Born in Mulhouse, Alsace, France, Dreyfus was the youngest of seven children in the family of a Jewish textile manufacturer who had accepted French nationality in 1871. The family had long been established in Alsace. He was accepted into the École Polytechnique for military training in 1877 and graduated in 1880 as a sub-lieutenant. His entry into the military was very much influenced by the experience of seeing the Prussians enter his hometown in 1871 when he was 11 years old. From 1880 until 1882 he attended at Fontainebleau for more specialized training as an artillery officer. On graduation he was attached to the first division of the 32nd cavalry regiment and promoted to lieutenant in 1885. In 1889 he was made adjutant to the director of the pyrotechnical school in Bourges, and promoted to captain.
On April 18, 1891 he was married to Lucie Hadamard (1870-1945) who would later bear his son Pierre and daughter Jeanne. A mere three days later he received notice that he had been admitted to the Superior War College. Two years later he graduated ninth in his class with honourable mention, and is immediately designated as a trainee at army headquarters where he would be the only Jew. Raphaël, his father, died on December 13, 1893.
At the college examination in 1892, his friends had expected him to do well and be attached to the general staff. However, one of the members of the jury, General Bonnefond, under the pretext that "Jews were not desired" on the staff, lowered the total of his marks by making a very bad report; he did the same thing for another Jewish candidate, Lieutenant Picard. Learning of this injustice, the two officers lodged a protest with the director of the school, Gen. Lebelin de Dionne, who expressed his regret for what had occurred, but was powerless to take any steps in the matter. The protest would later count against Dreyfus.
In an article from the Académie de Poitiers  the author remarks that "Dreyfus was a profoundly patriotic man, and if he had not been the victim of this affair he would certainly have been anti-dreyfusard. He was a haughty, intransigent man, linking very little with his fellow officers. He was a "pisse-froid" as would then have been said in the army." In a report in 1891 on his admission to army headquarters a Colonel Fabre characterized him as "an incomplete officer, very intelligent and capable, but pretentious and whose character in not filling out, and with the conscience and manner required for fulfilling the conditions needed for being employed at army headquarters." This cold personality later proved a deterrent to some of his would-be defenders.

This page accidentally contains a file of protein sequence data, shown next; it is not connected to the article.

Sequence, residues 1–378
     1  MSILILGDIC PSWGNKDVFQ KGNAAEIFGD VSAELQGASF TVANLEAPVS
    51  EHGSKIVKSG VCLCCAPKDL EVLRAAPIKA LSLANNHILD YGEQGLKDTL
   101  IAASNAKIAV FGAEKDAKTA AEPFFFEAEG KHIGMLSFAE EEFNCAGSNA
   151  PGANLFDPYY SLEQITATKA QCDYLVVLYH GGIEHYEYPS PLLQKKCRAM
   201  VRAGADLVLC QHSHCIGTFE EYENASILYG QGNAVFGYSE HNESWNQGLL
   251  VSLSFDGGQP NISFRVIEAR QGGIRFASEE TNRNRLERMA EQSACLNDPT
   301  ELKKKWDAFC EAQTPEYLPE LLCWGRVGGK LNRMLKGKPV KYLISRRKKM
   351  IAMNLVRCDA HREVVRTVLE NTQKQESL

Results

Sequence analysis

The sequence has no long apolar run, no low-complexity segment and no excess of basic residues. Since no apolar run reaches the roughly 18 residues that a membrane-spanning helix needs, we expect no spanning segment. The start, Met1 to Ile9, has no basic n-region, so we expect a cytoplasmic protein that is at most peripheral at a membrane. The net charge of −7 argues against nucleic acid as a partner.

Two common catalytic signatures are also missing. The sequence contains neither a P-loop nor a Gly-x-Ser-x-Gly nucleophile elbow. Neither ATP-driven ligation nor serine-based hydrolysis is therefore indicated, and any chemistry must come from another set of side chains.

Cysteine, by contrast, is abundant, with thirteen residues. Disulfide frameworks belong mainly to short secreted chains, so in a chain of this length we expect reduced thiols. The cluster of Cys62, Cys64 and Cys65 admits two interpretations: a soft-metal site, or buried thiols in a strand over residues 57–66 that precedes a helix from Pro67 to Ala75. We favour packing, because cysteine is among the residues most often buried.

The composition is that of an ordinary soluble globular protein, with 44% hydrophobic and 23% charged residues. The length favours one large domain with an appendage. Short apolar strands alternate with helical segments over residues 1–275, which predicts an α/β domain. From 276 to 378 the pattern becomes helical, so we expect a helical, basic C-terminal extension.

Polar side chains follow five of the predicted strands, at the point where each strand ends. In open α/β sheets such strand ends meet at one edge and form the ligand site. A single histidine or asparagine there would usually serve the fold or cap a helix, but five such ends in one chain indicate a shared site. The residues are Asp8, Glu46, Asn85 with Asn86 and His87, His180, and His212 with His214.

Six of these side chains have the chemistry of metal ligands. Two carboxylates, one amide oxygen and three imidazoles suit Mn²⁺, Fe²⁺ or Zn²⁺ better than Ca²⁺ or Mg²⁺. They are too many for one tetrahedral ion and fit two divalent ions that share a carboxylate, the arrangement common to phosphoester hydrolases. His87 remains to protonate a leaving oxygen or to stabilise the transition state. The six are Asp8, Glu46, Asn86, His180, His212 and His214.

Dreyfus was arrested for treason on October 15, 1894 and the events that follow until his eventual exoneration on July 12, 1906 are chronicled in the article on the Dreyfus affair concerning which he was best known. On January 5, 1895 Dreyfus was stripped of his rank and sentenced to life imprisonment on Devil's Island
From the time of his pardon on September 19, 1899 Dreyfus was at least out of prison. During that time he lived with one of his sisters at Carpentras, and later at Cologny.
The day after his exoneration he was readmitted into the army with the rank of Squadron Chief. A week later he is made a Knight in the Legion of Honour, and subsequently named to the artillery command at Vincennes. On October 15, 1906 he was placed in commend of the artillery unit at Saint-Denis.
Dreyfus' time in prison, notably at Devil's Island, had been difficult on his health, and he was granted retirement in October 1907. He was re-mobilized during World War I when he held assignments in the Paris region.
Dreyfus was present at the translation of Emile Zola's ashes in 1908 when he was wounded in the arm by a gunshot from a disgruntled journalist.
Two days after Dreyfus's death in Paris, France his funeral cortege passed the Place de la Concorde through the ranks of troops assembled for the National Holiday. He was interred in the Cimetiere de Montparnasse, Paris, France.
Publications of Dreyfus